I am writing in response to your comment article in last week’s paper (September 3).
Like many, I have been following the progress of the so-called ‘Migrant Crisis’ in the news and on social media and, like many, I have been in a state of despair – not because I am angry that there are so many people trying to enter the UK, like I am being told every time I turn on the news.
I am in despair because that is what I am being told I should think. I am in despair because I watch the images and I see humans, not the ‘dangerous immigrants’ that I apparently should be in fear of.
First of all, these are not migrants. They are refugees.
They are escaping a life so dangerous that they would rather risk walking thousands of miles through hostile terrain, risk arrest by cutting through fences.
They have lost everything – their homes, their businesses, their friends and family. They cannot access education. They cannot get medical attention. They cannot access clean food and water.
They consider it better to risk their own lives, and those of their families, in sailing across the Mediterranean in craft utterly unsuitable for such a journey rather than risk staying put and almost certain death.
These are not the actions of people simply wanting a better economic future. These are the actions of people in a state of desperation the likes of which we cannot even begin to imagine.
Not only are we failing as a country to deal with this situation, but we are failing as human beings, too.
It is not a Conservative issue, a Labour issue, a Green issue, a UKIP issue.
This crisis has gone far beyond politics. Now is the time when we all need to come together, because regardless of our ideological differences, our racial differences, our religious differences there is one thing we all have in common – we are all human beings.
75 years ago Britain was happy to take in refugees from Poland, Germany, France, Latvia, Lithuania, etc.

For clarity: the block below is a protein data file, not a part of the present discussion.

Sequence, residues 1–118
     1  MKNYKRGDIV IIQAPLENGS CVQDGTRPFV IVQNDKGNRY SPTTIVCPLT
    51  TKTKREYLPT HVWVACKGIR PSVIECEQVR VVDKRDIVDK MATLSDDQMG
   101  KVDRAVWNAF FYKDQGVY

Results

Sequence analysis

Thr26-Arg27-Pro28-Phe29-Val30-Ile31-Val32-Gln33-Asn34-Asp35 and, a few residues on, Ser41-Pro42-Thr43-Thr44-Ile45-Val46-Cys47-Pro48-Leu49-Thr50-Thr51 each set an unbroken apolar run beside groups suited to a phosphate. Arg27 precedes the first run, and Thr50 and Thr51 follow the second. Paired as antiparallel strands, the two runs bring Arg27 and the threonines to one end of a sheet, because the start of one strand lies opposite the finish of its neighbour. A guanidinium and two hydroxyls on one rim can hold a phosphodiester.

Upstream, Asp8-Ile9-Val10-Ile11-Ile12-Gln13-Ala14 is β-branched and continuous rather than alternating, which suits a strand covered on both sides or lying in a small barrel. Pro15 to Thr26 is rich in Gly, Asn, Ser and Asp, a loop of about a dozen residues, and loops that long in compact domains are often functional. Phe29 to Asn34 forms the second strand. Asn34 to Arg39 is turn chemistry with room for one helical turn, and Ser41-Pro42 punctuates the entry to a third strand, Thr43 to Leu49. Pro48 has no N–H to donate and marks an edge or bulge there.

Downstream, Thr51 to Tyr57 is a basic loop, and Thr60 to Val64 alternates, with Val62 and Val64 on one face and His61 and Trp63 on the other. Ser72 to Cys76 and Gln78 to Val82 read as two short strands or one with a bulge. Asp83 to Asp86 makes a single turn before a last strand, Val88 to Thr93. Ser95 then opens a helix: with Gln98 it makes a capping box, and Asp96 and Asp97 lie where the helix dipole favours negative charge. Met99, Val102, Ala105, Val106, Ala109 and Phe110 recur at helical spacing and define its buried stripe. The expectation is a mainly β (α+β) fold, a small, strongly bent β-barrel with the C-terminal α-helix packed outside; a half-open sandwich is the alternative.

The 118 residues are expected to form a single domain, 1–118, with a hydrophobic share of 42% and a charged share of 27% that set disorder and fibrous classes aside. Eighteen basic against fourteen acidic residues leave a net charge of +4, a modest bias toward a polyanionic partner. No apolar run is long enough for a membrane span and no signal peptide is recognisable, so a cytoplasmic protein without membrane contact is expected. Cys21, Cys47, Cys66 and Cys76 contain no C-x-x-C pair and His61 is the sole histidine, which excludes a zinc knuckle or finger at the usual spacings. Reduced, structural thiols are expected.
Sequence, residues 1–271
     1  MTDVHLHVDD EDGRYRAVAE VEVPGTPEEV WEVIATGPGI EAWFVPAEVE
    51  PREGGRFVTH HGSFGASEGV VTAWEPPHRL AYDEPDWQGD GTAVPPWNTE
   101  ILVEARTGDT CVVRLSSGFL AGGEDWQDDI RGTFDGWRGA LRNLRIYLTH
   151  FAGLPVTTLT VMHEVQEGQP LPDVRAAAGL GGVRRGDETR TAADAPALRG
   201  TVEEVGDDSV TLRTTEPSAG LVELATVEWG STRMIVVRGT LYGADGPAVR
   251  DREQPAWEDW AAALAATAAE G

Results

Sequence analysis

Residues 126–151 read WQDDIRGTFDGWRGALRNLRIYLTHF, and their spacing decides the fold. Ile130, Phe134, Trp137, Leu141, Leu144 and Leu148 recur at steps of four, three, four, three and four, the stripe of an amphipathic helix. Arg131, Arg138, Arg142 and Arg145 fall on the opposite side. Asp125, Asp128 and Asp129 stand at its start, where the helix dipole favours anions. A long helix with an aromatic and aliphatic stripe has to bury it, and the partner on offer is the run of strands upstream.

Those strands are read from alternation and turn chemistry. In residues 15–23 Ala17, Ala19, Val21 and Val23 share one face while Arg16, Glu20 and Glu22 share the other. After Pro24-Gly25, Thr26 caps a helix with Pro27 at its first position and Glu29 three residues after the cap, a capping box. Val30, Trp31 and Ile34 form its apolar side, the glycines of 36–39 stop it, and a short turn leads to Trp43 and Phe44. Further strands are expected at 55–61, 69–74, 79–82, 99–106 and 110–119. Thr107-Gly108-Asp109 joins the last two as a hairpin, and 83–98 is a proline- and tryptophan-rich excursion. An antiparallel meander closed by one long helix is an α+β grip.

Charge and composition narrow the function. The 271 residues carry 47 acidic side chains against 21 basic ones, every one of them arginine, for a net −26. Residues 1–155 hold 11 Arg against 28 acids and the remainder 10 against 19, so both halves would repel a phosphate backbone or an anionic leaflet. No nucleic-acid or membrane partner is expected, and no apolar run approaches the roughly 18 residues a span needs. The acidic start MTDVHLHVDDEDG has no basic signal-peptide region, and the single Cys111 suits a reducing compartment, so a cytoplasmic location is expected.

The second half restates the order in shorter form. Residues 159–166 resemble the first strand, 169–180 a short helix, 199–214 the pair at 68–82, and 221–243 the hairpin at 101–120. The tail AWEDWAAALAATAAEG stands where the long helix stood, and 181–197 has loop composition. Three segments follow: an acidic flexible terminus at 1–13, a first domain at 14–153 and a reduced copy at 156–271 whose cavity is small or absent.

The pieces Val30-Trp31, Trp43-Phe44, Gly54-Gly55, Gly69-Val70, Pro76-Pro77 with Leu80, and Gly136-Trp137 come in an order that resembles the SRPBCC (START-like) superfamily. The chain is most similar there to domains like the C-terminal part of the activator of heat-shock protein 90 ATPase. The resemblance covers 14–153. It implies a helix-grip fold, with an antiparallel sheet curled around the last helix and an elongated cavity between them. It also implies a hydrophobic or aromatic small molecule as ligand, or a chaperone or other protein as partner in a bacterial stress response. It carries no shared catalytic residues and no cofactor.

Yet now we are facing the worst refugee crisis since the Second World War, Europe is erecting walls and barbed wire.
Police are forcibly inking numbers onto the arms of people being taken off trains. We are sending armed troops to prevent people fleeing to safety.
Britain, once a country that would proudly help those in need, is now pandering to those who would rather see a child washed up on the shores of southern Europe or lying in a bombed out house in Syria than allow that person entry into the UK.
Where has our heart gone? Is humanity and decency no longer a trait we wish to have in the 21st century?
More people are born in the UK each year than have attempted to reach Europe. There is no ‘swarm’, no ‘invasion’.
Like with almost any human tragedy there has been a concerted effort to dehumanise those who have been caught up in the crisis so that our politicians can feel more at ease with themselves for doing nothing, so that we can all sleep comfortably at night.
After all, such language is all around us from ‘collateral damage’ to ‘human resources’ to ‘immigrants’.
If we do not have to acknowledge a human as being a human, if we do not have to put a face to a word, then it makes it easier for us to all go on with our lives without giving any consideration to those worse off than us.
When 1 in every 33 properties in the Pulborough Parish is standing empty (a third of which have been unoccupied for more than six months), surely this puts into perspective that there is much, much more that the UK as a whole can do to take in our fair share of refugees.
Furthermore, more than double the UK’s quota of refugees for the next three years could be housed entirely within the long-term empty properties in the Horsham District alone – they could all be given a house without a single additional brick having to be laid. These houses are not doing anything at the present.
The Government, developers and councils have little or no interest in bringing them back into use or using them to contribute to our own domestic housing lists, so why can we not utilise them for those who are in the most desperate and urgent of need?
If the Horsham district alone could accommodate more than double the Government’s quota, then just think how many hundreds of thousands of other empty properties there are across the UK.
The UK could easily take in our fair share of refugees and deal with our own domestic housing needs without incurring any additional strain.
After all, the UK has the legal and moral obligation to help refugees.
Wouldn’t this be what you would want if it were you and your family in their situation?
Stane Street Close
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